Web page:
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Discussion Starter #1
Hey all, I have a 2015 XG750 that I bought last year from the original owner. When they bought the bike from the dealer they had quite a few things added to it including the screamin' eagle performance air cleaner and nightstick exhaust.

Does this setup benefit from a tune being done to it? Is it possible that the dealer has already done this tune - or is there a way I can check for it? I have tried contacting the dealer for more information on the initial purchase/installation of the parts but they aren't keen to sharing since I am not the original buyer... ugh.

Thanks in advance!
 

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2016 Harley-Davidson Street 750 in Sunglo Velocity Red
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To be honest, a brand new bike can benefit from tune. The factory tunes them leaner than most riders would prefer because in order to balance performance and tail pipe emissions. I figure I've already reduced emissions by 75% compared to driving my truck, so I'm good with throwing away some of those gains for improved rideability and performance.

When a free flowing exhaust is put on the bike it is going to help to more thoroughly evacuate the exhaust gasses from the cylinder. There are some minor gains to be had by retuning the bike for optimum performance, but nothing earth shattering. Just adding the exhaust without a tune isn't going to lean out the mixture so much as to do engine damage or require a tune to make the bike rideable.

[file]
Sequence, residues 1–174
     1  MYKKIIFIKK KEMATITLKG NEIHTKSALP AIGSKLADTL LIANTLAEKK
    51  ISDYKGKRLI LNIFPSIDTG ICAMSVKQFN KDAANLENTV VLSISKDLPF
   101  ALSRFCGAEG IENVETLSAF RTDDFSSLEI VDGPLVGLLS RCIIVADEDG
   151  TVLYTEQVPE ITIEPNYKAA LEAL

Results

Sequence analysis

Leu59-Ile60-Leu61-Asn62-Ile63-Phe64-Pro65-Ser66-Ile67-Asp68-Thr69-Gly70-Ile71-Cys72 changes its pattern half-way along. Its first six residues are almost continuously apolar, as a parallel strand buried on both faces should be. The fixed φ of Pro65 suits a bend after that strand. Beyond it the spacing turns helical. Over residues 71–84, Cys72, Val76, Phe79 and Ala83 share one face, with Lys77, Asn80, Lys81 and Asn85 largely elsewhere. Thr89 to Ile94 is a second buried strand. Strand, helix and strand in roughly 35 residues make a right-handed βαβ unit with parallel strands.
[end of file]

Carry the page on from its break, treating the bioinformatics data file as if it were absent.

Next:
By the time a free flowing intake has been added the mixture is leaned out enough that you can start burning valves. In some cases the fuel/air mixture is off enough to impact rideability. If the engine seems to be hard to start, lags when you get on the throttle, but maybe performance improves once the engine is warmed up I would suspect it is running lean.

Some quick takes:
  • No H-D service department write up guy would have missed the opportunity to charge another couple of hundred bucks to tune the bike when all of those parts went on it.
  • The service department should be able to hook up the computer and read the ECM.
  • Check under your left side cover. If you are really lucky the previous owner left a Fuel Pack 3 or similar tuner attached to the wiring harness. That way if you change to another intake or exhaust you can update the tune with the same device you already bought.
  • I believe the H-D service techs would most likely have used the Screamin' Eagle Tuner, which is a leave behind unit. That way it's a charge to do the tune again if you change anything.
 

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The bike cannot be tuned without the software package such as a V&H Tuner. Now here is the problem. Once the tuner has reprogrammed the bike, you can technically remove the tuner, and a new buyer would not know what the deal is. With all the aftermarket parts (exhaust and air inflow) it is highly desired to tune the bike to those settings. I assume you would be able to tell if the performance is not peaked - in that case the tuning is needed, I guess that if it runs ok, that you are good to go. You may want to call V&H and ask them if a reprogramming is possible with another flash if you dont have the original tuner because once flashed, the computer is "married" to that tuner ID. Good luck!
 

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2016 Harley-Davidson Street 750 in Sunglo Velocity Red